“I love the story and the char­ac­ters, and I be­lieve this story is a com­plete jour­ney, as op­posed to The Gruf­falo, which was a bit more ab­stract,” says Rose dur­ing a brief in­ter­view at last month’s con­tent mar­ket MIPCOM. “The witch in the story is a very pos­i­tive char­ac­ter. There’s al­ways room for one more on her broom: She wants to help out, and fi­nally, in her hour of need, ev­ery­one comes to save her. The un­der­ly­ing mes­sage is that what you give is what you get. Of course, the au­thor, Ju­lia, would hate me for say­ing this, be­cause she is ir­rev­er­ent and says that she doesn’t do mes­sages! But that’s the truth.”

Rose praises the visu­ally stun­ning work of di­rec­tor Max Lang and re­cent Ger­man Fil­makademie Baden-Wurt­tem­berg grad Jan Lachauer, who worked a crew of about 40 at Stu­dio Soi to flesh out the story based on a 32-page pic­ture book. “The book was the real foun­da­tion for the project, and we didn’t add any ad­di­tional dia­log, but Max was able to add a lot of back­story to the char­ac­ters and re­ally de­velop the re­la­tion­ship be­tween the cat and the witch,” ex­plains Rose. The TV spe­cial fol­lows the nar­ra­tive of the book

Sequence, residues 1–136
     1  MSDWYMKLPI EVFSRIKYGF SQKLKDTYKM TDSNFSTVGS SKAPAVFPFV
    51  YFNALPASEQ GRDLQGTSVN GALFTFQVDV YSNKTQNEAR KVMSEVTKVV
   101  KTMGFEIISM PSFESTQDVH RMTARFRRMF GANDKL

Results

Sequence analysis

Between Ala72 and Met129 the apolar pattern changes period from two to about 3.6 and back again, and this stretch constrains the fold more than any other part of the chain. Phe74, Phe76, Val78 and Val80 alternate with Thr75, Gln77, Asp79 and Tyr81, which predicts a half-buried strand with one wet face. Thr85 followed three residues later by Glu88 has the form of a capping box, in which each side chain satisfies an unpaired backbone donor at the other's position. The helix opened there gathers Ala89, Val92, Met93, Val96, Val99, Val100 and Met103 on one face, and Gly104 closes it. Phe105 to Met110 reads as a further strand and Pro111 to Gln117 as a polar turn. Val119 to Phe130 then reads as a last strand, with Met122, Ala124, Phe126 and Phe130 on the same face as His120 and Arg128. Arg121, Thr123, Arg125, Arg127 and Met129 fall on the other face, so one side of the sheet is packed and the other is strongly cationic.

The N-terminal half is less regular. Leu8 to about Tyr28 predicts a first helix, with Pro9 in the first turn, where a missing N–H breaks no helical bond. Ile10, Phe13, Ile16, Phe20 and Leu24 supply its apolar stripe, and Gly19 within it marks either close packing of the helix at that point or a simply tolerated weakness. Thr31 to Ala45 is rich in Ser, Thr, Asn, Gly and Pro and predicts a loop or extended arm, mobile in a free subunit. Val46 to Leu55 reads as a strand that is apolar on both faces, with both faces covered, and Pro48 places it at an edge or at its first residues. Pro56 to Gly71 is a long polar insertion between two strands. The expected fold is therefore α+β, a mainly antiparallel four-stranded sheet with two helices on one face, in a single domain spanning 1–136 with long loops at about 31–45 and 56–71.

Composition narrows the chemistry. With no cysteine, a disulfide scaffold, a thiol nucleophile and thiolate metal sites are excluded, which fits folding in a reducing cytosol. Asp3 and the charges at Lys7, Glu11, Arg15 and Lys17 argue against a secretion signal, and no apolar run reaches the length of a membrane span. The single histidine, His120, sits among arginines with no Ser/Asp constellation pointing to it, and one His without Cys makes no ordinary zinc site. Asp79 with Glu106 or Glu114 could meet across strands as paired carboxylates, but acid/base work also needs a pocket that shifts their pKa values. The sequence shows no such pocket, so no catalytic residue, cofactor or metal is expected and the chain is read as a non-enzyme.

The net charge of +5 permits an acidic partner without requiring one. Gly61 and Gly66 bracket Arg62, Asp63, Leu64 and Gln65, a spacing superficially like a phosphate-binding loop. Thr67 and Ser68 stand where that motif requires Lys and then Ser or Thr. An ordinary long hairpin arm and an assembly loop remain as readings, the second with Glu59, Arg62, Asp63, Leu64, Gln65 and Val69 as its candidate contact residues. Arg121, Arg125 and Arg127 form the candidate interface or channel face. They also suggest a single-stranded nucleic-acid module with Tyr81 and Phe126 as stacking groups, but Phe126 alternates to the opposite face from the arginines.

“As a di­rec­tor and a fa­ther, I’m most proud that our fe­male

very closely. That’s why in or­der to ex­pand the con­tent, the cre­ative team fo­cused com­pletely on the char­ac­ters—how each one’s per­son­al­ity influences the group dy­namic on the broom, how they re­act to each other and how they grow to­gether as a fam­ily. Also play­ing a cru­cial role is the mu­sic, which was com­posed by another Gruf­falo vet­eran, René Aubry, in Paris.

Once again, the an­i­ma­tors used minia­ture sets to cre­ate a 3D feel and pro­vide a rich, tac­tile qual­ity to the back­drops. “This time, how­ever, the minia­ture sets were built in a much smaller scale, since we had to cre­ate a wide range of vast land­scapes and not just parts of one for­est,” ex­plains Lang through an e-mail ex­change. “Be­cause of the smaller scale of the sets, the depth of field was very shal­low, and we of­ten had to take over 10 pic­tures to cre­ate a sim­ple back­ground im­age. The in­di­vid­ual pic­tures each had a dif­fer­ent fo­cus, and were then dig­i­tally stacked to cre­ate the look of the film.”